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On Sophistical Refutations   


(touto) is a common form of several inflections: for 'this' signifies

sometimes 'he' (outos) and sometimes 'him' (touton). It should

signify them alternately; when combined with 'is' (esti) it should be

'he', while with 'being' it should be 'him': e.g. 'Coriscus

(Kopiskos) is', but 'being Coriscus' (Kopiskon). It happens in the

same way in the case of feminine nouns as well, and in the case of the

so-called 'chattels' that have feminine or masculine designations. For

only those names which end in o and n, have the designation proper

to a chattel, e.g. xulon ('log'), schoinion ('rope'); those which do

not end so have that of a masculine or feminine object, though some of

them we apply to chattels: e.g. askos ('wineskin') is a masculine

noun, and kline ('bed') a feminine. For this reason in cases of this

kind as well there will be a difference of the same sort between a

construction with 'is' (esti) or with 'being' (to einai). Also,

Solecism resembles in a certain way those refutations which are said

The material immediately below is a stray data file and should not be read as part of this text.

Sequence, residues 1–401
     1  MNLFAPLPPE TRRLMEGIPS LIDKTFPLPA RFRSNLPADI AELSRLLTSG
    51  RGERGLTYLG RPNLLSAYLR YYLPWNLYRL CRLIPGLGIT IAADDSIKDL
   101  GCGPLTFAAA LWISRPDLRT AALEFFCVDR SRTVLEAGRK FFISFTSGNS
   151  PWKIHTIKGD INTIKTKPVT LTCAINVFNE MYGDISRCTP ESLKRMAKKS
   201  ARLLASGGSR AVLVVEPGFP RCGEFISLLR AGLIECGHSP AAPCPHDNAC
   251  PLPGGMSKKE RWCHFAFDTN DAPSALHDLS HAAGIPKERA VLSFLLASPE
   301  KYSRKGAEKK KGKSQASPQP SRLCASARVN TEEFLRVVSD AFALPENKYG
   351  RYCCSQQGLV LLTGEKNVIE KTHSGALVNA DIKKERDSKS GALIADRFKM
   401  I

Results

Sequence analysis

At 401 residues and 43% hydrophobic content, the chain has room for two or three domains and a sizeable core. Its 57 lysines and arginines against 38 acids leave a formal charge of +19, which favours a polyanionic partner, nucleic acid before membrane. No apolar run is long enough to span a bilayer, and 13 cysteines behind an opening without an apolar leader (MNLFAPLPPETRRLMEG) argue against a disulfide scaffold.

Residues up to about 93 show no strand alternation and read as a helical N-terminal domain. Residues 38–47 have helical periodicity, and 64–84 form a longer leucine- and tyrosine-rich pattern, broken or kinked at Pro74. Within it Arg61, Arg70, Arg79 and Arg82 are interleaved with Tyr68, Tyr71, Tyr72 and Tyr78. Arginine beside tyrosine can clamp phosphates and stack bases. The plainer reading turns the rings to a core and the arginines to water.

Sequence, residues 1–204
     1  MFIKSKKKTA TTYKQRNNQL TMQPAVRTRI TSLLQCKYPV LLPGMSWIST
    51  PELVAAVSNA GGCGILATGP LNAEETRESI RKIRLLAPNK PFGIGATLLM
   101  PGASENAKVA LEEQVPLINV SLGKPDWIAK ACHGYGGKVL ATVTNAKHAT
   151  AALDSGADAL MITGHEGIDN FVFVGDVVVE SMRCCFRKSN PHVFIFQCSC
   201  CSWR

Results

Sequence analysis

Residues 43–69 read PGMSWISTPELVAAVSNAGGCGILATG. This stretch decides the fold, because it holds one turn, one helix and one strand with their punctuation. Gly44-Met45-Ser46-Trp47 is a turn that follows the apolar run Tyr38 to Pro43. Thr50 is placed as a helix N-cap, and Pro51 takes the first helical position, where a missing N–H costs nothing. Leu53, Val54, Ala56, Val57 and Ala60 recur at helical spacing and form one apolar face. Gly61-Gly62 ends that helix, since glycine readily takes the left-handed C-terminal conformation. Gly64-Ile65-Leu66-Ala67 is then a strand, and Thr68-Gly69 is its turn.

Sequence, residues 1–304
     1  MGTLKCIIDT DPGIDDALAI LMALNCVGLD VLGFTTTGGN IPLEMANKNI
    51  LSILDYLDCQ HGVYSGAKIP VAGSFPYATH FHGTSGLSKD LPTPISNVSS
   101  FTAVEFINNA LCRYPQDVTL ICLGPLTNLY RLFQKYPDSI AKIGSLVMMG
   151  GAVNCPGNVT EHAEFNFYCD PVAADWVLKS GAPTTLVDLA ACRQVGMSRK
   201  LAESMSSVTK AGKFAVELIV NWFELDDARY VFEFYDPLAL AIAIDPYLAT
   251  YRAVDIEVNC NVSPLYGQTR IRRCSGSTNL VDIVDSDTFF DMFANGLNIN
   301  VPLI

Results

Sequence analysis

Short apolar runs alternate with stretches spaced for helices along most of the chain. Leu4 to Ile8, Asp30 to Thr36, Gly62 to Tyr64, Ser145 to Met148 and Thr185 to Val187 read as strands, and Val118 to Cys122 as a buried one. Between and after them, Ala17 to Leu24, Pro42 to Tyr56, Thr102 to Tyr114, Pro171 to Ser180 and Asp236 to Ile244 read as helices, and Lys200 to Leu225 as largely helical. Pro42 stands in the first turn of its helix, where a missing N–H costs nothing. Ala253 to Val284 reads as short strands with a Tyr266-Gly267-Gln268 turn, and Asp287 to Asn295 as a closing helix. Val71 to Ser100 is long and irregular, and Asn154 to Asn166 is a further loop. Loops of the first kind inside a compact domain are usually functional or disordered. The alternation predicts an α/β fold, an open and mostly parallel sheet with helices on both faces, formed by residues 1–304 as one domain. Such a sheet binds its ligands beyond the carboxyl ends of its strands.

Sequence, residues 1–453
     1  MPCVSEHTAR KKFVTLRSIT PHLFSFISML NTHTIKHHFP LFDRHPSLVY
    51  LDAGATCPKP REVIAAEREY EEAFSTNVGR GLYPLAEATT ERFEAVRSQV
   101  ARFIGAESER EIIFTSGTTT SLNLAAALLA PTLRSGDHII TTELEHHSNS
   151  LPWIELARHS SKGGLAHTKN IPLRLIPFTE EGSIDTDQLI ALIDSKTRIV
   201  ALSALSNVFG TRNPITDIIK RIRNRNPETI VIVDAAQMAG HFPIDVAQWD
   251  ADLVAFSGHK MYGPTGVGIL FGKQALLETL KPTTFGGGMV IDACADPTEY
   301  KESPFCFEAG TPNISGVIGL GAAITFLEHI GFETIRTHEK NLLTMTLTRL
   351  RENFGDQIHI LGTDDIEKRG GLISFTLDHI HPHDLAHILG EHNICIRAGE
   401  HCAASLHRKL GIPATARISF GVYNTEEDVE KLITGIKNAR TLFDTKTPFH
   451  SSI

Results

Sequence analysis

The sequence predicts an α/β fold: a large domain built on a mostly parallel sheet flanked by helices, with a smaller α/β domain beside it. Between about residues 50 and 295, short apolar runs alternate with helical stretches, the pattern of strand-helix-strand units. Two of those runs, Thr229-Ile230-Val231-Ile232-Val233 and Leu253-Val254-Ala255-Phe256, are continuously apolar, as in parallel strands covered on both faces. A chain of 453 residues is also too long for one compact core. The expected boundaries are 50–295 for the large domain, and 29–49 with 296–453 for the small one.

to depend on the like expression of unlike things. For, just as

there we come upon a material solecism, so here we come upon a verbal:

for 'man' is both a 'matter' for expression and also a 'word': and

so is white'.

It is clear, then, that for solecisms we must try to construct our

argument out of the aforesaid inflections.

These, then, are the types of contentious arguments, and the

subdivisions of those types, and the methods for conducting them

aforesaid. But it makes no little difference if the materials for

putting the question be arranged in a certain manner with a view to

concealment, as in the case of dialectics. Following then upon what we

have said, this must be discussed first.



15



With a view then to refutation, one resource is length-for it is

difficult to keep several things in view at once; and to secure length

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